It sounds nice, but how will that be different? In order to write a better policy for the greenfield environment, you're going to have to understand what went wrong in the old environment and write a better policy that's more specific. The devil is in the details.
3. How will you keep the hackers out?
I've been involved with a few companies that spent tens of millions of dollars to build a new environment: new computers, new network, new applications, new workstations, new servers. Nothing old was allowed to touch the new environment. After spending all that money and time, the old hackers compromised the new environment in days.
You need to learn from the weaknesses of the old environment so that the same old tricks no longer work in the new environment. For example, if the hackers got into the old environment using spearphishing emails containing malicious Adobe Acrobat PDF documents, how are you going to stop that from working in the new environment? I've seen plenty of possible solutions, including making sure that PDF documents are opened in encapsulated virtual environments where they couldn't do further harm. Just make sure those miraculous solutions are tested and implemented from the start. Making them pervasive in a few months isn't going to help you today.
4. The new environment looks great — but will it stay that way?
If you think it's hard to plan something new and near-perfect, that's easy compared to keeping it that way. Remember, those who built your current environment started out with the best of intentions. No one wanted to design insecure crap.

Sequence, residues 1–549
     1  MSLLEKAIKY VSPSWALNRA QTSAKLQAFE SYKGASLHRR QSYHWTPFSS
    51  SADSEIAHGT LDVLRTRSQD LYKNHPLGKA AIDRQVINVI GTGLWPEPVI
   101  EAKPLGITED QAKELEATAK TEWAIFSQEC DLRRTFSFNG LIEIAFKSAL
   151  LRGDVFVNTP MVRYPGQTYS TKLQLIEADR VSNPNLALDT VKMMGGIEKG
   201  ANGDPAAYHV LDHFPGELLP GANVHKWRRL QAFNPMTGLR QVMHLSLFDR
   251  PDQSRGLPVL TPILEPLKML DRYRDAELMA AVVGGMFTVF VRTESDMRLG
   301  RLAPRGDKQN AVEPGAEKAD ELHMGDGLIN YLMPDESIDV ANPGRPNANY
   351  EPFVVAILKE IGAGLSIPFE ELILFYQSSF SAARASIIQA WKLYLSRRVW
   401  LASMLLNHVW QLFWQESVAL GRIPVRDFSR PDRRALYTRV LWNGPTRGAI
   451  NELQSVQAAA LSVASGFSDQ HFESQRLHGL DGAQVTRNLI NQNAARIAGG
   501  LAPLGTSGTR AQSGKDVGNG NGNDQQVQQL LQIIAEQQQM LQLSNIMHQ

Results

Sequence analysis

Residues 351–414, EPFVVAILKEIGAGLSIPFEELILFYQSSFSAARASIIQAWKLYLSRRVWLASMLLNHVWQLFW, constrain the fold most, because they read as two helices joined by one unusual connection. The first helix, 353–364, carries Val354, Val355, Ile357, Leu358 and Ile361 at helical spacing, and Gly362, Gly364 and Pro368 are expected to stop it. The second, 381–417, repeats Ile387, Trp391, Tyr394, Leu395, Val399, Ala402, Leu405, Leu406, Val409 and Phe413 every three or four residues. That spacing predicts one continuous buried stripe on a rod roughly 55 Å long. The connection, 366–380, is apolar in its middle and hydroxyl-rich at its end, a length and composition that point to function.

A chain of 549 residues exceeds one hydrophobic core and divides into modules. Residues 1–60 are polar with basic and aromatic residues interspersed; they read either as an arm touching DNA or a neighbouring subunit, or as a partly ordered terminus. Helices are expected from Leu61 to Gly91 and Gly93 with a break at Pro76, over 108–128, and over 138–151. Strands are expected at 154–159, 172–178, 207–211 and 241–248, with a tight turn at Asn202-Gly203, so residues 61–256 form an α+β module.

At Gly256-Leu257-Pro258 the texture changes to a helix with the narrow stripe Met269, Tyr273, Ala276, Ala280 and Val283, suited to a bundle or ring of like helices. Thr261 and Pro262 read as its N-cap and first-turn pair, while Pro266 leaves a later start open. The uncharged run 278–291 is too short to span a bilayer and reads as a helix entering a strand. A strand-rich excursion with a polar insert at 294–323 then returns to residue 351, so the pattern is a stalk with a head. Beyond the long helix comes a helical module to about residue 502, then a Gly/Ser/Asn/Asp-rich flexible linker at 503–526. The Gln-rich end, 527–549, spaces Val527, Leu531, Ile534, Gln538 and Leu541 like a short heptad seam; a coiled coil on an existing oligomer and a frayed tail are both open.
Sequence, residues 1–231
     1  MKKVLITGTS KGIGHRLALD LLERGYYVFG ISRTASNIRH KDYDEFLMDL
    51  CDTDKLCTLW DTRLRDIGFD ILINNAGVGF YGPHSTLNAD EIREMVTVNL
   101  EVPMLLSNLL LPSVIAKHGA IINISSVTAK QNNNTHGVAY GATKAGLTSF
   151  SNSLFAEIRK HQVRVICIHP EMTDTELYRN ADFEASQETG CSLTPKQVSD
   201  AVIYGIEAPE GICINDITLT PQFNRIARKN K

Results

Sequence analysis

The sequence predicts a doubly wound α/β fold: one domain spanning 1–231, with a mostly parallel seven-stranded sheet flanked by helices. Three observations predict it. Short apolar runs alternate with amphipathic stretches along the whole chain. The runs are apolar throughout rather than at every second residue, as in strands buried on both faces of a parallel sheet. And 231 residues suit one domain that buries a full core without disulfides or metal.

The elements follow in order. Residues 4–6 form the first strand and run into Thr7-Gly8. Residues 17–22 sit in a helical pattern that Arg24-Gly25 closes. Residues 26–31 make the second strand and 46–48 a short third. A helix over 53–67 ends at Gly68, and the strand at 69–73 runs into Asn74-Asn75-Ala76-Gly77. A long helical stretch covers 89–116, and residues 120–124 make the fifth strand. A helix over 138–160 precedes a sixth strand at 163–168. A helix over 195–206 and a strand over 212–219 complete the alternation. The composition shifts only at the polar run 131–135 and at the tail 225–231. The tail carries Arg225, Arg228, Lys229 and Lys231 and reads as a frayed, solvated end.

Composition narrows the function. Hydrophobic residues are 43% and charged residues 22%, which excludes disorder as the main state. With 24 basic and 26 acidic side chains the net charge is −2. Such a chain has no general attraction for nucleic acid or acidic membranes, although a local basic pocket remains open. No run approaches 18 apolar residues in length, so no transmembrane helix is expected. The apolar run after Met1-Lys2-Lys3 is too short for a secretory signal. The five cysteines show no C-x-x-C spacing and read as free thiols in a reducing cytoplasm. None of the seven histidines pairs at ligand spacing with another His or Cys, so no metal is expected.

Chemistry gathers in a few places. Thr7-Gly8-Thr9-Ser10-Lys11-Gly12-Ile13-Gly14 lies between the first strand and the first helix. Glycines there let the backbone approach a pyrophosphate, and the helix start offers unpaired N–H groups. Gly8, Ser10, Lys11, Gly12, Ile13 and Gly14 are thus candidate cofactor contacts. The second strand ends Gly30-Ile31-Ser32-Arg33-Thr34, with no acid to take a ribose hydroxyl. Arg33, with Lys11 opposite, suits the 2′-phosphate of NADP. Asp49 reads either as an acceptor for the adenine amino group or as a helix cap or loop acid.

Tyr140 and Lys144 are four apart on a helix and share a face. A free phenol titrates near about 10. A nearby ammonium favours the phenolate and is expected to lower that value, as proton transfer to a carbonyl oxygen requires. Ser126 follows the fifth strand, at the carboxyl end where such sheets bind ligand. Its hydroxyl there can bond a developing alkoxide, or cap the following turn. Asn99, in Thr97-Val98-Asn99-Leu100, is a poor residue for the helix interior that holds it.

Examine what happened over time to make the current environment one people can't wait to get rid of. Was it due to poor technical decisions or was it more than that? In many cases, political or business pressures force poor security decisions. How can those be avoided in the future?
To me, this is the most important point of all. It's an awful lot of money and effort to build something new if you can't prevent repeating the same mistakes. These sorts of policy decisions are harder than just building a new network. It requires the right senior people agreeing on the right foundational policies.
5. Object lifecycle management
Another key implementation decision is to account for the full lifecycle of each and every object (user, computer, group, printer, OU, application, service account, and so on) in the network or Active Directory forest. Each object must have an owner who is easy for anyone to identify or query. Ownership gives accountability and allows key decisions to be made in a timely manner.
Each object should be tracked from provisioning to de-provisioning. Each object should have specific policies that detail how it comes into creation, how often review takes place, and when and how it should be modified and removed. The documentation should specify who can manipulate the object and how often the object needs to be reviewed for legitimacy.
Sign up for MIS Asia eNewsletters.